Report: ‘fossilflation’ driving US price instability

January 18, 2023|Written by |Federal Reserve

Fossil fuel-driven inflation, or “fossiflation”, is helping to cause the price instability facing the US. The claim comes in a new report, which says that inflation is being driven by “abrupt shortages, shifts in demand, record profits, and supply chain disruptions”. This is caused by “an economy activated, mobilised, and fed by the fossil fuel industry”, rather than a function of the money supply that can be effectively addressed by changes in interest rates.

Produced by Positive Money, the report provides a number of recommendations, including that the US should implement a green monetary policy framework that includes qualitative and quantitative credit regulations aligned with IPCC targets. It also suggests reforming federal corporate chartering with climate-calibrated capital requirements, implementing a national green lending scheme, and introducing an inter-agency council on price stability to expand the stable price mandate beyond the Federal Reserve.

“Relying on Federal Reserve interest rate tinkering to prevent and address a phenomenon as complex as price stability is a lost cause,” said the report’s author, Andrés Bernal, in a statement. “It is critical we clearly identify the relationship between a fossil fuel economy, raging inequality and environmental degradation that makes prices, and therefore the possibility of a dignified future, completely unstable.”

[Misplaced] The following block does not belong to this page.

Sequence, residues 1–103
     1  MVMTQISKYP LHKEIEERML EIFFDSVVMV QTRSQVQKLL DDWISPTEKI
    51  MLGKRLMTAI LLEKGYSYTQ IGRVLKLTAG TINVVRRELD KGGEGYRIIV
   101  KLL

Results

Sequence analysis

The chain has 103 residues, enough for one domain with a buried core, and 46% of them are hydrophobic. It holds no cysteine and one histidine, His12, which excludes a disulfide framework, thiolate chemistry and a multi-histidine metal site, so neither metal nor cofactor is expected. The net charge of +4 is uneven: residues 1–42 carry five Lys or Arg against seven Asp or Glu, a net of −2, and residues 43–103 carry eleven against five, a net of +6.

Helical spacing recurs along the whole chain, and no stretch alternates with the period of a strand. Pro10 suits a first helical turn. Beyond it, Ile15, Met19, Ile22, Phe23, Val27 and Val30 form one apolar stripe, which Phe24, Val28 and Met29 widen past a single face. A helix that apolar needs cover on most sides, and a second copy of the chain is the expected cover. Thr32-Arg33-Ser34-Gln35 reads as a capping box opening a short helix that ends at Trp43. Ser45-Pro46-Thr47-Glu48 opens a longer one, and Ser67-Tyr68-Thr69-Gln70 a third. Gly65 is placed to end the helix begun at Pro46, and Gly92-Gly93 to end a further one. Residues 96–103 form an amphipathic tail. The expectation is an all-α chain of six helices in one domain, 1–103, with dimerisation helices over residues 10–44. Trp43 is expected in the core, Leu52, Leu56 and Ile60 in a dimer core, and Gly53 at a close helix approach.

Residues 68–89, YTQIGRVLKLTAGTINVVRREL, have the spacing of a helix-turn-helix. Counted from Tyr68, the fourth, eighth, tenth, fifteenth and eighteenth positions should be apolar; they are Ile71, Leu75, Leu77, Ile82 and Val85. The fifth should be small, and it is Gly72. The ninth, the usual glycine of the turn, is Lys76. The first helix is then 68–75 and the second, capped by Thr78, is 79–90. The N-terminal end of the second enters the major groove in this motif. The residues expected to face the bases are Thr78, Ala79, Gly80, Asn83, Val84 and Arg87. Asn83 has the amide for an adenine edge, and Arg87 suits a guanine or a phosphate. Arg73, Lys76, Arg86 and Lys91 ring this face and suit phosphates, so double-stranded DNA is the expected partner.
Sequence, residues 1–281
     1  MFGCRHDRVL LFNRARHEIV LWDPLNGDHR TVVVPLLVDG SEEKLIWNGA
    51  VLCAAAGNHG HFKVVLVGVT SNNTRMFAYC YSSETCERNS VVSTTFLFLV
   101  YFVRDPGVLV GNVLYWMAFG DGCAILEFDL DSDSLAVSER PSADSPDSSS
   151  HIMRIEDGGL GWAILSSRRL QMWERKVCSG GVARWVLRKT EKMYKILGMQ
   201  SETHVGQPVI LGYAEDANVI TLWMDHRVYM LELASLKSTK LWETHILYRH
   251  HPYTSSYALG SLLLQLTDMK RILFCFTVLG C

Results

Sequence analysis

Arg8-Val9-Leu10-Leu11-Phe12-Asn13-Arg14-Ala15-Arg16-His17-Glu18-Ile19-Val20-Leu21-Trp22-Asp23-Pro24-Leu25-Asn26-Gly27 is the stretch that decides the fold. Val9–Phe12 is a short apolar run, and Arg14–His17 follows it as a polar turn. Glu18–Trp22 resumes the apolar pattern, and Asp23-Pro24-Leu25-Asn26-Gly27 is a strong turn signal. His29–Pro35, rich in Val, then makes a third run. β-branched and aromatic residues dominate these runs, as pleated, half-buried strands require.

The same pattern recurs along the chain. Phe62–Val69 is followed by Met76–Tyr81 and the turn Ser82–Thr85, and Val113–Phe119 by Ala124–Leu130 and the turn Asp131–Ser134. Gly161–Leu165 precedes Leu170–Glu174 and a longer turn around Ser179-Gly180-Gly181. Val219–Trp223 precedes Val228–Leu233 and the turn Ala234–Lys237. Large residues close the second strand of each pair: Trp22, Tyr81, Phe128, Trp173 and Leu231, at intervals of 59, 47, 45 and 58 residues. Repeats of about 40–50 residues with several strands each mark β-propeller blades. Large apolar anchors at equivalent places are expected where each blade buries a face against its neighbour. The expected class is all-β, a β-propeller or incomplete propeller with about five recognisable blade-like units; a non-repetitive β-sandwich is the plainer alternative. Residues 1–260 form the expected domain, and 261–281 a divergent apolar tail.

The report comes at a time when the Fed is increasingly determined to bring inflation down to its 2% target, even if it means contributing to a recession. Last year, chairman Jerome Powell explained that he believed average hourly earnings and the pace of job growth were too high. Powell has also argued that “it would be inappropriate for us to use our monetary policy or supervisory tools to promote a greener economy or to achieve other climate-based goals”.

Whereas the European Central Bank and Bank of England have mandates to support the economic policies of the European Union and UK government, the Fed does not. However, price stability and maximum employment are within the Fed’s mandate, and US policy advocates have argued that the Fed may address climate-related issues within its monetary policy framework to address both issues.

In addition to addressing high inflation today, the Positive Money report explains future inflation risks can be addressed by keeping global warming at or below the Paris Agreement’s 1.5°C target. Other recent studies show that failure to adhere to that target threatens infrastructure and supply chains, food production, and worker productivity that, if they occur, will drive higher prices.

This page was last updated January 18, 2023

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